BURY ST EDMUNDS: Print to fetch �15k

A PRINT by a famous Suffolk-born artist discovered at a church fete in New Zealand is expected to reach �15,000 at auction.

The bold lino print by celebrated artist Sybil Andrews, who was born in Bury St Edmunds in 1898, was bought in a sale in Wellington for the equivalent of �20.

‘Tillers of the Soil’ showing a team of horses at plough cresting a ridge is now expected to fetch between �10,000 to �15,000 at Bonhams print sale in London this month.

Sybil Andrews was born above Andrews and Plumpton ironmongers store in Bury’s Guildhall Street, which had been run by her family for two generations.

Educated at a private school Langton House in Hatter Street, Andrews spent much of her childhood in the town.


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Having studied at the Grosvenor School of Modern Art in London, Andrews emigrated to Canada with her husband Walter Morgan in 1947.

Yet throughout her life she continued to create powerful images of agricultural life, working men and the Suffolk landscape which had such an impact on her early life.

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Writing shortly before her death in 1992, she said: “From my earliest recollections, Bury St Edmunds has been at the centre of my life.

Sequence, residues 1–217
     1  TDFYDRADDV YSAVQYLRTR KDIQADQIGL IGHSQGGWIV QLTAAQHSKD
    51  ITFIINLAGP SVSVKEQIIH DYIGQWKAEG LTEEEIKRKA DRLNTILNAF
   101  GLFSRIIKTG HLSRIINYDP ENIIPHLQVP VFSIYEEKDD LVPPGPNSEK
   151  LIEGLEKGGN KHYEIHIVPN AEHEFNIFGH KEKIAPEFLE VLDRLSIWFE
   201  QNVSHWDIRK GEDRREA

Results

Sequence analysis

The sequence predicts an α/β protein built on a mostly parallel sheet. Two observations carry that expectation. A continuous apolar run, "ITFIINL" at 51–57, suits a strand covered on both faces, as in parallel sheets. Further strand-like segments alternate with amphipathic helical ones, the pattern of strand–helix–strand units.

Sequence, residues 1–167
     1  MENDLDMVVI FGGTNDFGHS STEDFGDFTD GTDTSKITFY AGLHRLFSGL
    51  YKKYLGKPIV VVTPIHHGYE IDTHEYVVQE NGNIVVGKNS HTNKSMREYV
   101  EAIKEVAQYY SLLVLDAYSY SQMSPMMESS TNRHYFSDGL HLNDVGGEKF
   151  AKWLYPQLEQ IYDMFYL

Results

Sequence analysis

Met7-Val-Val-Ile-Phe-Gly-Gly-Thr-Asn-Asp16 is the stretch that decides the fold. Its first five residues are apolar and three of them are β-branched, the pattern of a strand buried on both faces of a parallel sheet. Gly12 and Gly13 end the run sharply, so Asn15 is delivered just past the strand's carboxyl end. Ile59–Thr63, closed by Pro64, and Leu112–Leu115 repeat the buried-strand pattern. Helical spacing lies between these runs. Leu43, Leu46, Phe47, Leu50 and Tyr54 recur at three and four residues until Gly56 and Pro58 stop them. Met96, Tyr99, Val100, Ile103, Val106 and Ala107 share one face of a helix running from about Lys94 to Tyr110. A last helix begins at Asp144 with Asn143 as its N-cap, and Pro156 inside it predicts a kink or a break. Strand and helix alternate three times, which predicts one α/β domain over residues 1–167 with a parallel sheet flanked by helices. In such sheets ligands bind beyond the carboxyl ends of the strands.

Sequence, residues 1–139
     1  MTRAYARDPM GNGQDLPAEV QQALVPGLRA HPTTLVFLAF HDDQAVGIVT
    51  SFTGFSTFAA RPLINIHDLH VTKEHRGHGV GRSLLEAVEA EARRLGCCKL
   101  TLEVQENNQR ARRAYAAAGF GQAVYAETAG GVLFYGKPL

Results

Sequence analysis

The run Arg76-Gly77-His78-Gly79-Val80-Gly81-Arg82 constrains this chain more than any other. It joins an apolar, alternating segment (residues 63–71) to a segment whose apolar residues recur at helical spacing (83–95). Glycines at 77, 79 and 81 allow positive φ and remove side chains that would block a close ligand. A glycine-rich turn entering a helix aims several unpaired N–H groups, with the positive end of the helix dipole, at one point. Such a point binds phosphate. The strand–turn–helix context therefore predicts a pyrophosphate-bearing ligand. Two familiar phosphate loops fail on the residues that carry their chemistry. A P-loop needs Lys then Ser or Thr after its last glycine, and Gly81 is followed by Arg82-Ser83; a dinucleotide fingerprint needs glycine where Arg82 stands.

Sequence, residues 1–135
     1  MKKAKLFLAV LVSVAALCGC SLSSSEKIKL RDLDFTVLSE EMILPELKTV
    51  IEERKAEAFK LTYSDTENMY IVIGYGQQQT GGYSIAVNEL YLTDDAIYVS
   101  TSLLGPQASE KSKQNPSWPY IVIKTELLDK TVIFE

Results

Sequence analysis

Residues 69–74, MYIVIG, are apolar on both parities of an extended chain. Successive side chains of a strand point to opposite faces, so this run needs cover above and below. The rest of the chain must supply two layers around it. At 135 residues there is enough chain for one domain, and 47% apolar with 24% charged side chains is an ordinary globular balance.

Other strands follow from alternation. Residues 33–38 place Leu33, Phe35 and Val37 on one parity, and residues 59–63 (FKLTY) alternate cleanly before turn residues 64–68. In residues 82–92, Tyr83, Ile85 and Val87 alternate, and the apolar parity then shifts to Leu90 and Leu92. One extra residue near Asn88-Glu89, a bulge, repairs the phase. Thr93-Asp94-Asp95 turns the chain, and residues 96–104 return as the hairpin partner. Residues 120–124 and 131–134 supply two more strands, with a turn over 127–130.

“If your early life means something, it goes with you all the days of your life.

“Suffolk is as important a part in my life in my reminiscence today as it has been since the days when I was a small child.

Much of the artist’s early work was centred on the streets and scenes in Bury, which inspired a banner of St Edmund, which she completed in 1975 which now hangs in St James Church.

Peter James, heritage officer for St Edmundsbury Borough Council which has a the largest publicly-owned collection of her work in Europe , said Andrews’ work had become increasingly collectable in recent years.

“Andrews’ work is coming back into fashion at the moment,” he said. “�15,000 is quite a conservative estimate.

“Imagine finding it in a village sale.”

For more details of Andrews’ work, visit Moyses Hall Museum in Cornhill, Bury which is open from 10am to 5pm daily.

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